Lily Wei, a longtime AICA-USA board member who recently resigned, said the group was exploring different ways to protect writers in the industry. Plans to transform the organization into a trade union never materialized. Some wanted to create a permanent emergency fund to help financially struggling critics survive. The organization has instead discontinued initiatives such as a program that recognizes the nation’s best exhibitions, she said.

“At the end of the day, there wasn’t enough money,” says Terence Touillot, senior editor at contemporary art magazine Frieze. He served on the AICA-USA board for nearly three years, retiring in 2022. He said efforts to revitalize the group were “too slow.”

The organization’s annual membership fee is $115 and provides free access to many museums. But some members complained that while the fees were too high for young critics, they were not enough to support important programming. So the leaders behind the Diversity Action Plan were frustrated when AICA-USA hired an outside consultant. Buff Kabelmanreview your own work.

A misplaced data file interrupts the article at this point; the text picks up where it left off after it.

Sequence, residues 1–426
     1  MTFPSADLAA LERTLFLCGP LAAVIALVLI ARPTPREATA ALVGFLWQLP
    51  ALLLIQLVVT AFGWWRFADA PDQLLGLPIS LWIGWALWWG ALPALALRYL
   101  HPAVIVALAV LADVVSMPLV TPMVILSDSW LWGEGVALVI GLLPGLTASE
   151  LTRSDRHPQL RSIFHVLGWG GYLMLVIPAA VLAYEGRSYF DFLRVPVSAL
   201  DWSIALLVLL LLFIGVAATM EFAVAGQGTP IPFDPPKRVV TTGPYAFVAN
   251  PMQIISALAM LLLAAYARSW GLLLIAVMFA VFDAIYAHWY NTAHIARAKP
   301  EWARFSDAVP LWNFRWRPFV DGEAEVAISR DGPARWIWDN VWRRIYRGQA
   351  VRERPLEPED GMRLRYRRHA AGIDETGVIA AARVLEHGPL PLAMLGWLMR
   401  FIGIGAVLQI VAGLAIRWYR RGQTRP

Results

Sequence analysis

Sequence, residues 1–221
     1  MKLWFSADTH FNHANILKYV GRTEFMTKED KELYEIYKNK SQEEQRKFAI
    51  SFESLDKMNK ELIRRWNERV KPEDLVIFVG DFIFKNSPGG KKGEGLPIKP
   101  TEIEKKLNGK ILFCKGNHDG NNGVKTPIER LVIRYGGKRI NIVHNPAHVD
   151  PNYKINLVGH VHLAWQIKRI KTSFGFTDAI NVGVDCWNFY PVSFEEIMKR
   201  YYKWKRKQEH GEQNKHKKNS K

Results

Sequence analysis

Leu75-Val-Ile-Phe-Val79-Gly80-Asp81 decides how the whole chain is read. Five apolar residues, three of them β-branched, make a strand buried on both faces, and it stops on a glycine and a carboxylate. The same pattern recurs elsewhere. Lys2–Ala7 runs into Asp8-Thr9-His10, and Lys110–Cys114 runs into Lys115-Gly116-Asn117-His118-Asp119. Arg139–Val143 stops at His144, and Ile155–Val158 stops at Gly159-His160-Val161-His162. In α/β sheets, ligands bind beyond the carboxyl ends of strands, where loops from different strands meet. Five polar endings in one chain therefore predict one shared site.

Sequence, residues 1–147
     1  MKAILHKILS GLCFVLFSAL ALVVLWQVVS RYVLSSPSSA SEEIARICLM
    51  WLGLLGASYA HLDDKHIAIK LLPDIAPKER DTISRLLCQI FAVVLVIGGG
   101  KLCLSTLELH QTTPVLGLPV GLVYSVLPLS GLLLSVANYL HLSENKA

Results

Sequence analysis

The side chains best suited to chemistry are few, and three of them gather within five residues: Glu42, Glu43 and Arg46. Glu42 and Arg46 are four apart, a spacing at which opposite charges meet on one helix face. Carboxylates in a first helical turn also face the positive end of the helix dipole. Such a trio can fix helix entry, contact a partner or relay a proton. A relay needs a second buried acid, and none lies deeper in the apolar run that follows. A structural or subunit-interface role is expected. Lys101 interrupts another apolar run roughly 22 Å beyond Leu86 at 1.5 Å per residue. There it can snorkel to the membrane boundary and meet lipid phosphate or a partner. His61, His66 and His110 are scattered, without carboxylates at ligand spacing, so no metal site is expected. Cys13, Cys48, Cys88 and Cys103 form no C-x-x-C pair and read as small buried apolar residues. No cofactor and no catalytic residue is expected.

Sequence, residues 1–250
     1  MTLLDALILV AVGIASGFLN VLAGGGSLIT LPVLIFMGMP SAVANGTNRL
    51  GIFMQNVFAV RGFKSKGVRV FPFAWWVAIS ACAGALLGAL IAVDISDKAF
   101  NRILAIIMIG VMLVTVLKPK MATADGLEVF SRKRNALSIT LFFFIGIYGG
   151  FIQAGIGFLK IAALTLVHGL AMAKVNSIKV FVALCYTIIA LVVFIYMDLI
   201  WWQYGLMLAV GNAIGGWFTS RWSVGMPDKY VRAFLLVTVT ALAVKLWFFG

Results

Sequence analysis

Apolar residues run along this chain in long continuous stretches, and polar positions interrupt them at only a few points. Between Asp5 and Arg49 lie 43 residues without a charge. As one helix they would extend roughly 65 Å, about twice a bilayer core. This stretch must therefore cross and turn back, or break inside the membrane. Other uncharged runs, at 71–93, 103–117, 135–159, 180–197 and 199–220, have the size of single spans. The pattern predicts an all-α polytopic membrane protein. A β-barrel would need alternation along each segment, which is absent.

“It was a limping exercise,” said Rodney, who is also a contributor to the New York Times.

Efforts to revive AICA-USA continue. In January, Jasmine Amussen joined the organization’s board of directors to rethink what criticism means to young people.

Amssen, 33, burn outfocuses on criticism of the American South and frequently features young black artists. (The magazine was launched in 2008 in response to layoffs in the cultural department of the Atlanta Journal-Constitution, and now has four full-time employees and most of its budget from grants.) It is operated as a non-profit organization consisting of

Amussen said the nonprofit model has allowed Burnaway to experiment with art criticism through summer writing boot camps and a recruitment drive that brings non-traditional writers to the magazine’s digital pages. Recent contributors include landscape architects, rap scholars, comic book illustrators, and more. Our goal is to expand the appeal of art writing.

“I’m in the art world because there’s no other option for queer people who want to write about cultural things,” Amussen said in a phone interview. “And I’m concerned that unless something is done to remind people why art and criticism matters, this industry won’t survive.”